Horror Humor Science Fiction Strange aliens relationship issues

Some Things I Probably Should Have Mentioned Earlier

By Laura Pearlman
Sep 18, 2017 · 1,747 words · 7 minutes

Photo by Debby Hudson via Unsplash.

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Dear Kevin,

I'm sorry I waited so long to tell you this, but I really hate your vacation cabin. Everything about it creeps me out. The sound of crickets at night makes my skin crawl. They sound like impending doom: like a critical piece of equipment being worn down by friction, or a thousand tiny voices, hoarse from screaming, reduced to a raspy warning chant in some ancient language.

The crickets aren't the only problem. The smell of so much wood in one place makes my eyes burn. And is it really necessary to throw pine cones into the fireplace? Are the burnt-wood fumes not overpowering enough? I used to lie awake at night fantasizing about finding whoever came up with that idea, grinding them up, feeding them to the crickets, and then gathering up the crickets, stuffing them into the fireplace, burning the cabin down, and watching from a safe distance. Upwind, of course.

Do crickets even eat meat? You probably know. You grew up with all this. That's why you're comfortable with it. I'm not; to me, it's alien and disturbing. I wish I'd told you this the first time you took me there, right after we started dating. But your friends were having such a good time. I wanted to be the fun girlfriend who liked what everyone else liked.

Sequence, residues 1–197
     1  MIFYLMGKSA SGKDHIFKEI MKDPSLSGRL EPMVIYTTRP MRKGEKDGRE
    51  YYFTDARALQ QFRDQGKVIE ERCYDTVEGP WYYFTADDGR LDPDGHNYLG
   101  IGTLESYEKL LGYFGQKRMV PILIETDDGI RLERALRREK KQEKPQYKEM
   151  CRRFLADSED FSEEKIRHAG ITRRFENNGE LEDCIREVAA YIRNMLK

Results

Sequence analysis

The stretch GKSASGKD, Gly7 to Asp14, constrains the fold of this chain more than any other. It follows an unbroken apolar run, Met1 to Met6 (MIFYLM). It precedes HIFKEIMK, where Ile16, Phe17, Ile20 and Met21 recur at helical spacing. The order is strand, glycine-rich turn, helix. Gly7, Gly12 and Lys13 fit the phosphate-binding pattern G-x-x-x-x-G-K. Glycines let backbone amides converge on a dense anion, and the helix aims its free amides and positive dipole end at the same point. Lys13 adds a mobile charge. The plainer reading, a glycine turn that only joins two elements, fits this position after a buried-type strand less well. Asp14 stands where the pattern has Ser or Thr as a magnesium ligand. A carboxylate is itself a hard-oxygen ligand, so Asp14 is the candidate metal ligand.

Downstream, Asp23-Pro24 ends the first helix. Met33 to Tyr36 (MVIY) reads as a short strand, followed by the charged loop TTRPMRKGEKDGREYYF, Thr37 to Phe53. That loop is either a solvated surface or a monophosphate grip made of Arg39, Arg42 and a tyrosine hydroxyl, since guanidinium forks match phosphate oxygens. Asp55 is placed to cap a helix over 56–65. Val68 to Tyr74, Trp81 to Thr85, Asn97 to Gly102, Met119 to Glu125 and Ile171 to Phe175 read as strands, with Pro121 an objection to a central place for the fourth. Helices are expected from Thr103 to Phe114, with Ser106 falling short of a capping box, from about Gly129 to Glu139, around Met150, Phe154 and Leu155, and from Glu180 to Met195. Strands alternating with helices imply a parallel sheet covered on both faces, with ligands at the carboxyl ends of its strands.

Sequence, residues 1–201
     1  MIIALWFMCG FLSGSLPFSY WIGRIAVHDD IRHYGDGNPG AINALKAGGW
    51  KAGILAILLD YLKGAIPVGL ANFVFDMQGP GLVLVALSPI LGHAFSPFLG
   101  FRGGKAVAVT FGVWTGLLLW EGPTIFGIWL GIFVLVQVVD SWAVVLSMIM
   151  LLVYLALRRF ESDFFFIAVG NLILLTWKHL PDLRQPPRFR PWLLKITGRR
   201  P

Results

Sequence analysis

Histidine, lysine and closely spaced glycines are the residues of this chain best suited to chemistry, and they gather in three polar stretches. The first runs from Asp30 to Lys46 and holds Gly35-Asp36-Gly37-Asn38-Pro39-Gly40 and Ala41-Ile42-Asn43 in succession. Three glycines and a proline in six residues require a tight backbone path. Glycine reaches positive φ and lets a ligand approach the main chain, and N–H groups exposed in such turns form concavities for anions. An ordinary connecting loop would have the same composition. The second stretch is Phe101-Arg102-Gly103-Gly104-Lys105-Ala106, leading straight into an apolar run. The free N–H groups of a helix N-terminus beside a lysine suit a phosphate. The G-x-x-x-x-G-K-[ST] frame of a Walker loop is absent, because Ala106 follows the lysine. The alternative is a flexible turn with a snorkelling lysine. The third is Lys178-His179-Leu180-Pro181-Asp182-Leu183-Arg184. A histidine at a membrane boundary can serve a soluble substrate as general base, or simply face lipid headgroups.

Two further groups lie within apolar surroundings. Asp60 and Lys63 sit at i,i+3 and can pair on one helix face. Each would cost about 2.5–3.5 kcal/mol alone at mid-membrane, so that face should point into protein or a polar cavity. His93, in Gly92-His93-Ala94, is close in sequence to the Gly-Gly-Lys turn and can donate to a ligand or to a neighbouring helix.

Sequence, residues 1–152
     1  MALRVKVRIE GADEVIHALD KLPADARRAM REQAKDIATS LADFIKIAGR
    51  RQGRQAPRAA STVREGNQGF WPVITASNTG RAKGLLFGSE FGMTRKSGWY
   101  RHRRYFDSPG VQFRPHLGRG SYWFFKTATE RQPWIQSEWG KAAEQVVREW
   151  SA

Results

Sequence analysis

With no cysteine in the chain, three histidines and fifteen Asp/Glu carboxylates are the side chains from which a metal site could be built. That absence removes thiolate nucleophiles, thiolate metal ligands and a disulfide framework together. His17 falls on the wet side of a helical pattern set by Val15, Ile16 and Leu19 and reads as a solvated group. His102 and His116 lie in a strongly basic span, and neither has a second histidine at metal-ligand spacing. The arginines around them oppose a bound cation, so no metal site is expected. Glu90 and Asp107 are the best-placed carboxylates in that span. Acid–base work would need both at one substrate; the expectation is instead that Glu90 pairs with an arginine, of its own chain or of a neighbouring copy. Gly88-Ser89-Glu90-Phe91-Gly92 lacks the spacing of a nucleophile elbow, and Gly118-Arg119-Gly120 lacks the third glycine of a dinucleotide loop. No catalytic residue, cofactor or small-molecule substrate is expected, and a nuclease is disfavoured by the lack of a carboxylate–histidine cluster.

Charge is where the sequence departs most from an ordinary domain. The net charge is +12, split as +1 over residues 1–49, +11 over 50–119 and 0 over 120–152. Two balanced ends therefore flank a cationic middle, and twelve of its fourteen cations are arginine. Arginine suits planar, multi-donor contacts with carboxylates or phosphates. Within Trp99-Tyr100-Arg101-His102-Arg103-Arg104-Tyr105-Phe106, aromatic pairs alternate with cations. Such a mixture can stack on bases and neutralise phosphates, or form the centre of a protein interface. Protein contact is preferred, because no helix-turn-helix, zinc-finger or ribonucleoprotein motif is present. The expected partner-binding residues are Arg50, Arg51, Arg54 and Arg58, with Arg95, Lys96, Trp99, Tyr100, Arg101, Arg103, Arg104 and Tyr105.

It must seem strange that I'm bringing this up now, when neither of us will ever go back there. I mention it because saying I loved your cabin set off the chain of events that led us to where we are today. It wasn't the first lie I'd told you, of course, but the others were just my cover story.

I wish I'd been honest with you then. I wish I'd had the courage to tell you who and what I am. I wish I'd shown you images of the different shapes I'd taken before committing myself to human form. I wish I'd been able to make you feel the joy and freedom that comes with flowing from one shape to another and the profound sense of loss I felt when I gave that up.

I wish I'd been able to share what life was like on the ship. It was a total immersive experience. We spoke human languages, ate human food, and molded ourselves into closer and closer approximations of human shapes, with human-form instructors as our guides. We read your literature, tapped into your networks, and watched your videos. We received our cover stories and fashioned our human personalities.

One of the hardest things to master was food preferences. They’re just so arbitrary. Remember the time your sister came over for dinner, and we made chocolate fondue for dessert? We started with apple slices, orange sections, and strawberries. Then Janice wanted to try dipping something salty, so I brought out the saltiest fruit we had: a jar of olives. Oops.

I seem to mess up a lot during meals with your family. I'm sorry I laughed at your uncle at that first Thanksgiving dinner. I know you wanted me to ignore him, but information-gathering is my job. I just couldn't keep a straight face. If he only knew: my people are far more illegal and far more alien than anyone he was ranting about, and believe me, we're not here to steal anyone's jobs.